The $25 1935 Ford Fordor

My friend Stan and I were walking home from a day of bean picking when we spotted a For Sale sign on an old Ford. It was sitting in front of a tarpaper shack amidst lots of other junk. We knocked on the door and a sleazy looking fellow came out and showed us the car. It was a four-door machine but the back end had been cut out to make it into a station wagon like vehicle. The floor was nicely planked so rocks and dirt would find it comfortable. The engine smoked like a blazing building when started, burning our eyes and reeking of dirty oil. A badly worn wrist pin hammered loudly, a built in governor that limited the speed to 30 MPH. This fellow didn’t care how old we were (we were 15), he just needed our $25 ($12.50 each), so off we went in a big blue cloud.

We found that the engine announced its oil need by a chorus of singing rod bearings. We couldn’t afford to feed it store oil so we pumped a 5- gallon can of free used oil, pumped from 50-gallon drums from behind a local gas station. When the rods began to sing, we stopped and gurgled a gallon of gooey old oil into it. The engine breather was pouring out such thick smoke that I ran a rubber hose from it, under the car to the back, so we could breathe. The mechanical brakes were almost non-existent. To stop, the driver would downshift while the passenger would pull the emergency brake handle with all of his strength. We drove this car up into the Cascade Mountains several times to go camping. It worked well on logging roads where speed wasn’t needed. Coming down the mountains, we could coast and exceed the 30 MPH limit, a big thrill.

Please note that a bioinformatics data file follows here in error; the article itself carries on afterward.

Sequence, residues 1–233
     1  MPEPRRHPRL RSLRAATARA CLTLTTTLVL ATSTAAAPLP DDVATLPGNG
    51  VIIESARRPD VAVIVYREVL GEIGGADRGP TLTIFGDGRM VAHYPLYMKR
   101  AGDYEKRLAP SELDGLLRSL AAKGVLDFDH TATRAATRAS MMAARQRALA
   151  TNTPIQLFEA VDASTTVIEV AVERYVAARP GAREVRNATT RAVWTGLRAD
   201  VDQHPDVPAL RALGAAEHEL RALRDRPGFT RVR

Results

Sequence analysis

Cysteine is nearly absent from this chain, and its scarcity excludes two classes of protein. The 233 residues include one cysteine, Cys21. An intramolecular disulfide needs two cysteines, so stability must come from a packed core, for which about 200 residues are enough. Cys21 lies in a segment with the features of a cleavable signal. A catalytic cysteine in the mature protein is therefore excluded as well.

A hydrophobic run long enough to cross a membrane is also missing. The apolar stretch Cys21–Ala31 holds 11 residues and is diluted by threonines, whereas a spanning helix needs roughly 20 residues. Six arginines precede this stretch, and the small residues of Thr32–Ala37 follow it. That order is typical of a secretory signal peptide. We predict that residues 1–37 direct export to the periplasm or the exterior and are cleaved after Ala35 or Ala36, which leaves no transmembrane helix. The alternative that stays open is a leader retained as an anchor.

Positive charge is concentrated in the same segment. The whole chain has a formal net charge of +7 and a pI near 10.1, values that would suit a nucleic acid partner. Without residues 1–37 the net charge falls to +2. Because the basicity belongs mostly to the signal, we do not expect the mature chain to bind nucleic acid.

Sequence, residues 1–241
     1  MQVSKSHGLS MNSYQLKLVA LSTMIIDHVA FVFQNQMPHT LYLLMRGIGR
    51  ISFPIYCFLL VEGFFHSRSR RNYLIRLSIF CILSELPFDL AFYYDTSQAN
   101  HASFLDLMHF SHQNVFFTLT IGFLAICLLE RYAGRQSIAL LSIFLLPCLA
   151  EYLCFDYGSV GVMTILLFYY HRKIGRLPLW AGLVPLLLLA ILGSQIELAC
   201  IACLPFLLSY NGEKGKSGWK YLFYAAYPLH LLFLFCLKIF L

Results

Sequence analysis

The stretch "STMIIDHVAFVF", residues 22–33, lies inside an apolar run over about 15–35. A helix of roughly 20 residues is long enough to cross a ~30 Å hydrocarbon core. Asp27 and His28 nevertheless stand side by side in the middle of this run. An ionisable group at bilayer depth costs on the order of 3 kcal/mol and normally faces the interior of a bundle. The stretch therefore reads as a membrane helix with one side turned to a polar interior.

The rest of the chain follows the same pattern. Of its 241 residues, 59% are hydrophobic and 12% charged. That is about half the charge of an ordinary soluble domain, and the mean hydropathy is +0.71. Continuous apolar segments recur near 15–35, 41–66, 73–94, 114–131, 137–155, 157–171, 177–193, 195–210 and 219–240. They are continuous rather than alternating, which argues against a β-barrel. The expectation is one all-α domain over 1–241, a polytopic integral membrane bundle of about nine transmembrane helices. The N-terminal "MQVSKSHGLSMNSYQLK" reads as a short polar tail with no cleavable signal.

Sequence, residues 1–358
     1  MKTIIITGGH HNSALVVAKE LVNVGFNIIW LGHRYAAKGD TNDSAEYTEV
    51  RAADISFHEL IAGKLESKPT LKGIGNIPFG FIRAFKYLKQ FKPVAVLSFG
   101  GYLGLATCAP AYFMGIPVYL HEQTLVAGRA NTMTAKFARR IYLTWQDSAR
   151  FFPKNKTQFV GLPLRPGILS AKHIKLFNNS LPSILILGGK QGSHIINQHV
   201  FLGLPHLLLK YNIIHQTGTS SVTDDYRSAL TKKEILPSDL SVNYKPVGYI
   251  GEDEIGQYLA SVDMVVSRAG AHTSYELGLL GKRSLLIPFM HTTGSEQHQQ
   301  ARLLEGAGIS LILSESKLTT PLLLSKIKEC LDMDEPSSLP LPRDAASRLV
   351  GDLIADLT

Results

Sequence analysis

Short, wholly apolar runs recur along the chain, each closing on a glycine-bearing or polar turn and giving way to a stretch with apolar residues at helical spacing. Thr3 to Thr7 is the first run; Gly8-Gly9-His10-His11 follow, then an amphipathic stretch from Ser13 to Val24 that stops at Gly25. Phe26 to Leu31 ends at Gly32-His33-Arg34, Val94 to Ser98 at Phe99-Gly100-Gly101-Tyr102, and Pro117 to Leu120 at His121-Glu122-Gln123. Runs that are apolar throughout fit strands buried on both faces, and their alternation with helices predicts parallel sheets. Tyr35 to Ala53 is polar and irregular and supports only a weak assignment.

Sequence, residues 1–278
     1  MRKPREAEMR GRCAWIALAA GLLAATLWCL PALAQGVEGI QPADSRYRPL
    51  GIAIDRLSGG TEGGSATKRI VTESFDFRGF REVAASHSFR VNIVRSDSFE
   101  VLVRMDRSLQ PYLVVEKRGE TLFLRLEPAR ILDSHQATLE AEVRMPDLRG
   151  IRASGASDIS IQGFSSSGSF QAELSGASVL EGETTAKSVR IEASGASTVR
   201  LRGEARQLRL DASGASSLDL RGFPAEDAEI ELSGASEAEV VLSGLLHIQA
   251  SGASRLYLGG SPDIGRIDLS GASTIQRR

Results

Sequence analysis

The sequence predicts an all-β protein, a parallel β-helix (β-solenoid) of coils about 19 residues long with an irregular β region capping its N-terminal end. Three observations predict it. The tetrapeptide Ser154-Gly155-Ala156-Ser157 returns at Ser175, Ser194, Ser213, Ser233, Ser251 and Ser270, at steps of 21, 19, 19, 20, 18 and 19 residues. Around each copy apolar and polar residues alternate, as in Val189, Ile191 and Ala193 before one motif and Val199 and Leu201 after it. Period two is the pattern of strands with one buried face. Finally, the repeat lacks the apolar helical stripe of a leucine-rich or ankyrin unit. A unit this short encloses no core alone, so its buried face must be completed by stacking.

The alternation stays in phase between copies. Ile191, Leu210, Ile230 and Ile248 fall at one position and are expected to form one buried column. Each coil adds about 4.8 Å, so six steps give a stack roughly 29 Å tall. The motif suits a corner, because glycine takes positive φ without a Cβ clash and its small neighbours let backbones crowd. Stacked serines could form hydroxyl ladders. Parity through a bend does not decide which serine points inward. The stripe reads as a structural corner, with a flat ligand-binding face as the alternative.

Well, the Washington State Patrol discovered this car and had several field days. Along with the brakes, the lights didn’t work either. In fact, the only thing that worked was the horn, actuated by a large red doorbell button mounted in the middle of the dashboard.

After a few tickets and stern warnings to fix it, we parked it in the alley behind my mother’s house and decided to part it out. The horn was the only thing that wasn’t completely worn out. Now I remember the perfect chrome grill and twin horns that went to the junkyard crusher. Back then it didn’t occur to me that these things might have value someday. As worn out as it was, it always started. Until we decided to tie the throttle down and watch it blow. It wouldn’t start. We tried everything but it had decided to die on its own terms.